Democrats are suffering from a dangerous enthusiasm gap. On the generic ballot, Democrats are currently tied with Republicans for the 2010 midterm election at 44 percent each, according to the new NBC/WSJ poll. That’s bad news for Democrats, given that they are holding several Republican-leaning seats and suffer a built-in disadvantage based on the layout of Congressional districts.
What is truly onerous for Democrats is that Republicans are much more enthusiastic about voting. From MSNBC:
Republicans also enjoy a significant advantage among those most enthusiastic about the midterms — they prefer the GOP controlling Congress by 20 points.
Midterm elections are all about turnout, and that’s a huge gap. If Republicans are significantly more fired up, that swings a lot of seats to the GOP column. Traditional Democratic voters are simply not overjoyed with the results of having put the Democrats in complete control of Washington, and are not enthusiastic about helping them stay in power.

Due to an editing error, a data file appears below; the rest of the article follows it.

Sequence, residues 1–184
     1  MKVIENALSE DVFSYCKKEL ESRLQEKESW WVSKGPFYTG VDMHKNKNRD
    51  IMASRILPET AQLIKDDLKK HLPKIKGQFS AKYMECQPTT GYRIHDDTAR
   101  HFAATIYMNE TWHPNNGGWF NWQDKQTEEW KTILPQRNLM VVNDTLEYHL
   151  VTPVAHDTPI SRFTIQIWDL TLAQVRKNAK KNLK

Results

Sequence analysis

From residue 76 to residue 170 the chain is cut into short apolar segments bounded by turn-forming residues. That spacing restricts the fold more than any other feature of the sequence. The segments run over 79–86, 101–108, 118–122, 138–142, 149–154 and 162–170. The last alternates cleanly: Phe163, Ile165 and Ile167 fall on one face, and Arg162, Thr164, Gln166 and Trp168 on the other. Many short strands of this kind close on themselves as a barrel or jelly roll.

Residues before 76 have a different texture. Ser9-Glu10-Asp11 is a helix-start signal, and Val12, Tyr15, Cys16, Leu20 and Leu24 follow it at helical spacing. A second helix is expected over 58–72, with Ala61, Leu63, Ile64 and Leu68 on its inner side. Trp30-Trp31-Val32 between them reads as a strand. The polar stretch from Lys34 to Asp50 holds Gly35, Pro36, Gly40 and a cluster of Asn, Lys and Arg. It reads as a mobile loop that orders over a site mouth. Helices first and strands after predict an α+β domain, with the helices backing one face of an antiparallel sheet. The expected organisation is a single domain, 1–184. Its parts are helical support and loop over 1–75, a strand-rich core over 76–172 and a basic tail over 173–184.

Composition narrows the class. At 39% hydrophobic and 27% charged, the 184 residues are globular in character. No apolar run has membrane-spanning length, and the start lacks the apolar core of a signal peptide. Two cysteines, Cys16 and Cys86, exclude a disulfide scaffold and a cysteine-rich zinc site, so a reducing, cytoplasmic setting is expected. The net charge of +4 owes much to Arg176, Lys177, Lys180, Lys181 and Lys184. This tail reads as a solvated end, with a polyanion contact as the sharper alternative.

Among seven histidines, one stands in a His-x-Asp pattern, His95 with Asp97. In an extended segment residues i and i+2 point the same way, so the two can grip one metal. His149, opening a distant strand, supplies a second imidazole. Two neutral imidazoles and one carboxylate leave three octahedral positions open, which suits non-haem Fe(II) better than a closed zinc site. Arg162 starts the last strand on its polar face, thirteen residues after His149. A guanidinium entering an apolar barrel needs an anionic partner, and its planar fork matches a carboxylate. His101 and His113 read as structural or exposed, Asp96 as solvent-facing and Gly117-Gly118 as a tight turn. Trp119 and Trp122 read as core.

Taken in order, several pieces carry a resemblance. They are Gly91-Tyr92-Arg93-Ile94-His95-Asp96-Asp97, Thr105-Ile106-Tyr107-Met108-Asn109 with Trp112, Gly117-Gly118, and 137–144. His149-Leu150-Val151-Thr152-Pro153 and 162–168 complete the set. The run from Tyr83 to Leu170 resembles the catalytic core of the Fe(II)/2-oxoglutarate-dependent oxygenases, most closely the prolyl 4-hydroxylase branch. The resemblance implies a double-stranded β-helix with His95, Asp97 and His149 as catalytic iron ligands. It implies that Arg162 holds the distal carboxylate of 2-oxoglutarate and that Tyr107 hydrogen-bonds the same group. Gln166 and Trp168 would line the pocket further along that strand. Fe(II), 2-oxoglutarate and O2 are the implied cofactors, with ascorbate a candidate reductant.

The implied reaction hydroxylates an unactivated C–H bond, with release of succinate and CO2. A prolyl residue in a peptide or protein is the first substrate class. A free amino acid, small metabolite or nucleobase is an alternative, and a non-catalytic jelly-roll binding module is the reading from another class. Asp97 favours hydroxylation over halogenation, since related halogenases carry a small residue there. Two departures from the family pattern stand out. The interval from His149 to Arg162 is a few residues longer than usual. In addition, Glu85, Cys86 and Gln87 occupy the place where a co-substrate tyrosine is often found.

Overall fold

Just in case Democrats have no idea why their base is tepid, I can provide some help: It starts with 10 percent unemployment and a mountain of unmet promises.
The LGBT community did not get “don’t ask, don’t tell” repealed, despite a promise embedded in the State of the Union speech. Obama is now running from immigration reform, which he promised to Hispanics this year. Labor never got and probably never will get the Employee Free Choice Act. Environmentalists are faced with an awful climate change bill. Pro-choice voters got kicked in the teeth with the health care bill, and after months of dancing around the issue, Obama quietly killed the public option.
How to close the enthusiasm gap? Give voters something to be enthusiastic about. I don’t see any legislation aspiring to do that, especially with House Democrats cowering in fear instead of governing. Unless we see a serious improvement in the economy, or a meltdown by the Republicans, this enthusiasm gap could be very costly for Democrats.